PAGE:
"Gaius Julius Caesar." Encyclopedia of World Biography. . Encyclopedia.com. (February 25, 2017). http://www.encyclopedia.com/history/encyclopedias-almanacs-transcripts-and-maps/gaius-julius-caesar

"Gaius Julius Caesar." Encyclopedia of World Biography. . Retrieved February 25, 2017 from Encyclopedia.com: http://www.encyclopedia.com/history/encyclopedias-almanacs-transcripts-and-maps/gaius-julius-caesar

Caesar, Julius

Julius Caesar (Caius Julius Caesar), 100? BC–44 BC, Roman statesman and general.

Rise to Power

Although he was born into the Julian gens, one of the oldest patrician families in Rome, Caesar was always a member of the democratic or popular party. He benefited from the patronage of his uncle by marriage, Caius Marius. In 82 BC, when Caesar refused to obey Sulla's order to divorce Cornelia, the wealthy daughter of Lucius Cornelius Cinna, he was proscribed and subsequently fled from Rome (81 BC).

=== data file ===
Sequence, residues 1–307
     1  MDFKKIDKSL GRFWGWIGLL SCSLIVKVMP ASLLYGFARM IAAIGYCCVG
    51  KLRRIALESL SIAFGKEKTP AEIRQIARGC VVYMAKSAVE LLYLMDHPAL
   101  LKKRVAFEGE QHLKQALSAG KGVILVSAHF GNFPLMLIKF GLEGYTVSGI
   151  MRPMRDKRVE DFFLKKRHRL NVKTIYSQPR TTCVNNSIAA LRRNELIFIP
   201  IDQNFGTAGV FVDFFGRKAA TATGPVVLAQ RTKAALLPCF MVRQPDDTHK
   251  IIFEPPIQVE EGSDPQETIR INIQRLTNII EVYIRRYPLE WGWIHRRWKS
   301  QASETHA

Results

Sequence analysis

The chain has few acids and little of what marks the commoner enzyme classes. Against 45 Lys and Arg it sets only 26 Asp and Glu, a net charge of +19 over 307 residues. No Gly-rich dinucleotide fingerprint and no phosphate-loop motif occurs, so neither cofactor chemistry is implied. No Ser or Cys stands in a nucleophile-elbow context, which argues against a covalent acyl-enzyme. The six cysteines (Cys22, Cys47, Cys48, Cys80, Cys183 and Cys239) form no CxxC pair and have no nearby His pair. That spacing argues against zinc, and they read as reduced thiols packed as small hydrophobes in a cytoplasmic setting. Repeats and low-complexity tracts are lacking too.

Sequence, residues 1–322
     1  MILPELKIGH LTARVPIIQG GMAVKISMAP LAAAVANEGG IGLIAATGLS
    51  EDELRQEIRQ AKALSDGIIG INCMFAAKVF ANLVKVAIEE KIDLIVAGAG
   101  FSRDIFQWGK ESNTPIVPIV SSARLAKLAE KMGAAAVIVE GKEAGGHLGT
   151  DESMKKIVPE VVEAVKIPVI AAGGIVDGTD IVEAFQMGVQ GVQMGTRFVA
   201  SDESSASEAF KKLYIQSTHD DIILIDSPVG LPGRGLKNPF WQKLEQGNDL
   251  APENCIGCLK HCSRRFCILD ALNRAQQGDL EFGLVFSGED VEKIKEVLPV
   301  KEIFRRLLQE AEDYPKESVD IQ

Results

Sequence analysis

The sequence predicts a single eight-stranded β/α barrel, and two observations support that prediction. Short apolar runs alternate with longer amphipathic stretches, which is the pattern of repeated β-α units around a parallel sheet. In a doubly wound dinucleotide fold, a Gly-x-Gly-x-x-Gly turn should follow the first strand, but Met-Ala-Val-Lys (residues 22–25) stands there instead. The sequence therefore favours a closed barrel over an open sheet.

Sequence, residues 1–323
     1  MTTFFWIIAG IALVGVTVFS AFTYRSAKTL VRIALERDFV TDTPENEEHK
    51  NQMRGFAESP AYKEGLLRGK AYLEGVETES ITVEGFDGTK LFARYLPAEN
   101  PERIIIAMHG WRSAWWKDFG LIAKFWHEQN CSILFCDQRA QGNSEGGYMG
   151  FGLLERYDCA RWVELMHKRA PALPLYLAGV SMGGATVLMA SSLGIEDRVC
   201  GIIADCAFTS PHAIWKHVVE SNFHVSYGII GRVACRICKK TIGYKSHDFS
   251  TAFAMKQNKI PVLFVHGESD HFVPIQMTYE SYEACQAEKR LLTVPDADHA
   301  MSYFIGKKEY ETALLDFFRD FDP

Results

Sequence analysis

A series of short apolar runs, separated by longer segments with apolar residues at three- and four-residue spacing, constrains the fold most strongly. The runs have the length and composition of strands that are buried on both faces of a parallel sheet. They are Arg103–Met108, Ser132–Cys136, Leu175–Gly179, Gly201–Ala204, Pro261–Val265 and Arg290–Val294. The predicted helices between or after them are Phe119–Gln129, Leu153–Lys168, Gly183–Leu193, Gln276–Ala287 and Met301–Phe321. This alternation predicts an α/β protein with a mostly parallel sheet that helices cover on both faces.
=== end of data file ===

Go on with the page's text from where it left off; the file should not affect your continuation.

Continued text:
On Sulla's death, Caesar returned (78 BC) and began his political career. He quickly gained popularity with his party and a reputation for oratory. In 74 BC he went into Asia to repulse a Cappadocian army. Upon his return, he agitated for reform of the government on popular lines and helped to advance the position of Pompey, the virtual head of the popular party. Caesar was made military tribune before 70 BC and was quaestor in Farther Spain in 69 BC; he helped Pompey to obtain the supreme command for the war in the East. He returned to Rome in 68 BC, and in Pompey's absence was becoming the recognized head of the popular party. His praise of Marius and Cinna made him popular with the people, but earned him the hatred of the senate.